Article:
Federal budget likely to boost Windsor's skilled labour
Finance Minister Jim Flaherty is expected to announce money for training in today's budget
Finance Minister Jim Flaherty's budget should be a boost to Windsor's economy and jobless rate.
Windsor Mayor Eddie Francis said the budget was a "significant step forward in terms of helping out the manufacturing sector. Something that everybody in this region will benefit from."
Francis was pleased to hear about tax relief for manufacturing and processing sectors, and a fund for advanced manufacturing.
However, Windsor economist and former professor at the University of Windsor Mark Meldrum, wanted the federal budget to focuss more directly on debt reduction.
"We hear it everyday," he said. "Cyprus. Europe. The US. Japan. The UK. Debt. We gotta deal with that."
Meldrum was in favour of new spending to help people train or re-train for the workplace.
"It's not physical capital but it's human capital," he said. "It's an investment in an asset. And if that investment creates a human capital asset that is employed longer or unemployed less...that is always a good thing. Period."
Workforce WindsorEssex recently surveyed 70 tool and mold companies and found they had close to 350 job vacancies in total. Some of those jobs have been vacant for six months.
Mike Ouellette, who works for Valiant Tool and Die and also sits on a taskforce for skilled trades shortage, said it's about time Ottawa addressed the shortage.
"That’s only a few companies. In Ontario and Canada, you can multiply that by 100," he said. "The clock is ticking. Within five years, we’ll have a shortage of 300,000 people in skilled trades. Everyone needs to play a role in it."
Finance Minister Jim Flaherty is expected to announce money for training in today's budget.
In a pre-budget letter to MPs, Flaherty wrote that this year's budget is focused on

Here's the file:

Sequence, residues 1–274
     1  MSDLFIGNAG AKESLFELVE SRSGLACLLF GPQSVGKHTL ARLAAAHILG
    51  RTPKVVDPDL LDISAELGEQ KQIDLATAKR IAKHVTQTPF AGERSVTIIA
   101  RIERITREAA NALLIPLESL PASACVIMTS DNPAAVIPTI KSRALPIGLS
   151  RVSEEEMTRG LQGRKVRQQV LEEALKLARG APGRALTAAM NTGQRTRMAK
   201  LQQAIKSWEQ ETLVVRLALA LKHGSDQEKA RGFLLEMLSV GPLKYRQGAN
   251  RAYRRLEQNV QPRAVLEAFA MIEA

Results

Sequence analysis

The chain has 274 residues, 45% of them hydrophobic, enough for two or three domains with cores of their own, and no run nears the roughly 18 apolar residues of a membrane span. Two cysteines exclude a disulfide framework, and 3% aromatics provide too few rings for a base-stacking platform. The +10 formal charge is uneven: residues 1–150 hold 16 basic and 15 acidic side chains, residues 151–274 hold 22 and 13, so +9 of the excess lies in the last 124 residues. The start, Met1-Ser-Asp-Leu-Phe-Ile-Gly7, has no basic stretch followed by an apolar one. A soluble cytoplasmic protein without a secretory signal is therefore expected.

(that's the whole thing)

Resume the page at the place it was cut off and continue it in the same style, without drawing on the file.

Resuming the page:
- Matching skills training programs with available jobs.
- Investing more in infrastructure.
- Supporting "value-added" jobs in manufacturing.
Valiant has been training its own employees with its own money.The company has trained 116 students and retained 110 of them last few years.
"This is only a drop in the bucket," Ouellette said.
The company could use even more.
Ouellette would like to see governments do even more than offer money for training.
"They need to revamp to the school system. Some students are made for university, but to push everyone into university is wrong. The government needs to bring back vocational schools," he said.
Workforce WindsorEssex CEO Donna Marentette said the current skilled labour shortage hurts the local economy.
"Every job that's not filled costs our community money because now that person is not employed," she said. "Machines are sitting idle. Companies can't get the production out. So, they pay a penalty. It costs our community literally millions of dollars every year."
Marentette hopes that includes money to help seal the local skills gap.
"We watch and listen to every budget hoping to hear the word 'training,'" she said. "So it's really exciting to have training be headlined."